How the US Funds the Taliban

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US military’s contractors in Afghanistan pay suspected insurgents to protect American supply routes. An estimated ten percent of the Pentagon’s logistics contracts of hundreds of millions of dollars are paid to insurgents. It is a fact of the military logistics operation in Afghanistan that the US government funds the very forces American troops are fighting.

In order for the US Army to transport supplies, they have to travel great distances in trucks, and there is a price to pay. For every corridor or checkpoint they pass, soldiers must pay to pass or else they take the risk of being attacked and killed.

Ahmad Rateb Popal and his brother Rashid are cousins to Afgan President Hamid Karzai. The Popal brothers control the huge Watan Group in Afghanistan, a consortium engaged in telecommunications, logistics and, most important, security. Watan Risk Management, the Popals’ private military arm, is one of the few dozen private security companies in Afghanistan. One of Watan’s enterprises is protecting convoys of Afghan trucks heading from Kabul to Kandahar, carrying American supplies. Watan is allied with the local warlord who controls the road.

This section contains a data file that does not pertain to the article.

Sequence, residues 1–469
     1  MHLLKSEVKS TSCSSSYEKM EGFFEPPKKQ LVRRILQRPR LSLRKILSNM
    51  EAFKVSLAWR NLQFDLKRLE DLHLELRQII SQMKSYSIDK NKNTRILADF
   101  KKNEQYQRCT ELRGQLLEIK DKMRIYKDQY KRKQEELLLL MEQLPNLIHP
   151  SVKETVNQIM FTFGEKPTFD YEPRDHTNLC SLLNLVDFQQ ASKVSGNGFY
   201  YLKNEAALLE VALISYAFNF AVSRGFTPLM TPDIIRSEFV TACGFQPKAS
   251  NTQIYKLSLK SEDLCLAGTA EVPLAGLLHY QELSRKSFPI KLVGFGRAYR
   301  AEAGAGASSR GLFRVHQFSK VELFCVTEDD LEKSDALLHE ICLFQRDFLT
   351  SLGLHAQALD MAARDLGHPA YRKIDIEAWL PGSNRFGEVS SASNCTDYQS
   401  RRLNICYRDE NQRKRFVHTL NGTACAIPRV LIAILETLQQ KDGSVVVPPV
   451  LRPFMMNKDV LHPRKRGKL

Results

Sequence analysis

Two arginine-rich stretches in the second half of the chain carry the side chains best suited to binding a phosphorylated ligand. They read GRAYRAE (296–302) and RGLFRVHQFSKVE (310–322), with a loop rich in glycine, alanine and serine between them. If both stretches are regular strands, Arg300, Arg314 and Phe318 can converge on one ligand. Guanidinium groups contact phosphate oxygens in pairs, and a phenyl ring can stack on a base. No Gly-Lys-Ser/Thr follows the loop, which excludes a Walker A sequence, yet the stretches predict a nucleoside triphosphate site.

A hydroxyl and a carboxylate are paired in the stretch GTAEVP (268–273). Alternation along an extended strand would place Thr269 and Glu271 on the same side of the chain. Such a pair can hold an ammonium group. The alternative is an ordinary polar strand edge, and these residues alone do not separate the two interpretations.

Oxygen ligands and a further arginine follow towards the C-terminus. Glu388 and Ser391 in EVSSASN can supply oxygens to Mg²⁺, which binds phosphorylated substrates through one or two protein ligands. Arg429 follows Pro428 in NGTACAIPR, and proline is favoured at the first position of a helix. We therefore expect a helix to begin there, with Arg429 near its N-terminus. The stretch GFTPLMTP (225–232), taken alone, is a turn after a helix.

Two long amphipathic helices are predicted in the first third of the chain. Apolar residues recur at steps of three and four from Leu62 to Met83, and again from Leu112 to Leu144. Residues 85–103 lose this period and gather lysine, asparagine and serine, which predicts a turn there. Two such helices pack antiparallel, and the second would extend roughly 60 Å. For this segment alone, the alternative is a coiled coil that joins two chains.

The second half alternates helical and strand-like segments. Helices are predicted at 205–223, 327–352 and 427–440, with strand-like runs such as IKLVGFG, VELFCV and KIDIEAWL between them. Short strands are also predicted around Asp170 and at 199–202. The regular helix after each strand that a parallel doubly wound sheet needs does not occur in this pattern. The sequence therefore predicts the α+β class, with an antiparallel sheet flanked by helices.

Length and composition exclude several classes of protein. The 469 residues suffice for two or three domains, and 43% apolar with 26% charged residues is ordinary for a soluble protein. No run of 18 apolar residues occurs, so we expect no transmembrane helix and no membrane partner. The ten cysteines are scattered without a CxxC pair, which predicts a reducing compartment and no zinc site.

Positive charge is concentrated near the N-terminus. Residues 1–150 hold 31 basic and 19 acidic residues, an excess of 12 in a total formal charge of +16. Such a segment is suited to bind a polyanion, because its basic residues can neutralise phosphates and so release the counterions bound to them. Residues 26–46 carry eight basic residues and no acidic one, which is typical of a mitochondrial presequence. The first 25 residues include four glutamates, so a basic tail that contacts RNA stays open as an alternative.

The US Army is basically paying and funding the Taliban not to shoot them. NCL Holdings. Like the Popals’ Watan Risk, NCL is a licensed security company in Afghanistan. What NCL Holdings is most notorious for in Kabul contracting circles, though, is the identity of its chief principal, Hamed Wardak. He is the young American son of Afghanistan’s current defense minister, Gen. Abdul Rahim Wardak.

Insurgents are getting paid for safe passage because there are few other ways to bring goods to the combat outposts and forward operating bases where soldiers need them. By definition, many outposts are situated in hostile terrain, in the southern parts of Afghanistan. The security firms don’t really protect convoys of American military goods, because they simply can’t; they need the Taliban’s cooperation.

Title: How the US Funds the Taliban

Source: The Nation, November 20, 2009

Author: Aram Roston,

Student Researcher: Anne Cozza

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